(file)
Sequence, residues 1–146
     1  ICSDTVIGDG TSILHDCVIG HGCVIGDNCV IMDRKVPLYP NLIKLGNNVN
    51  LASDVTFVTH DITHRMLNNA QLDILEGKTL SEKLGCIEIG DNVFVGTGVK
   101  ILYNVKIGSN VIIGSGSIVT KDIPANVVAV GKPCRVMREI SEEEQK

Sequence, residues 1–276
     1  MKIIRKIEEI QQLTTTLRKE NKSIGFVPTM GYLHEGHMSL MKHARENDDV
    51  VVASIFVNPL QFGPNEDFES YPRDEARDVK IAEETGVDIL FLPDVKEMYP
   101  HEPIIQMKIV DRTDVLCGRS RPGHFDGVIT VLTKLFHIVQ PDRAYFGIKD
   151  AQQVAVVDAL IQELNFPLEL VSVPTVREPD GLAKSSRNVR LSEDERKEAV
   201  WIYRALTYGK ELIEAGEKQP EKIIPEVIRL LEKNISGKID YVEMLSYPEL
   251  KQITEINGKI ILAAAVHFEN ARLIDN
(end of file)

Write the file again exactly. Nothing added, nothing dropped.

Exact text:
Sequence, residues 1–146
     1  ICSDTVIGDG TSILHDCVIG HGCVIGDNCV IMDRKVPLYP NLIKLGNNVN
    51  LASDVTFVTH DITHRMLNNA QLDILEGKTL SEKLGCIEIG DNVFVGTGVK
   101  ILYNVKIGSN VIIGSGSIVT KDIPANVVAV GKPCRVMREI SEEEQK

Sequence, residues 1–276
     1  MKIIRKIEEI QQLTTTLRKE NKSIGFVPTM GYLHEGHMSL MKHARENDDV
    51  VVASIFVNPL QFGPNEDFES YPRDEARDVK IAEETGVDIL FLPDVKEMYP
   101  HEPIIQMKIV DRTDVLCGRS RPGHFDGVIT VLTKLFHIVQ PDRAYFGIKD
   151  AQQVAVVDAL IQELNFPLEL VSVPTVREPD GLAKSSRNVR LSEDERKEAV
   201  WIYRALTYGK ELIEAGEKQP EKIIPEVIRL LEKNISGKID YVEMLSYPEL
   251  KQITEINGKI ILAAAVHFEN ARLIDN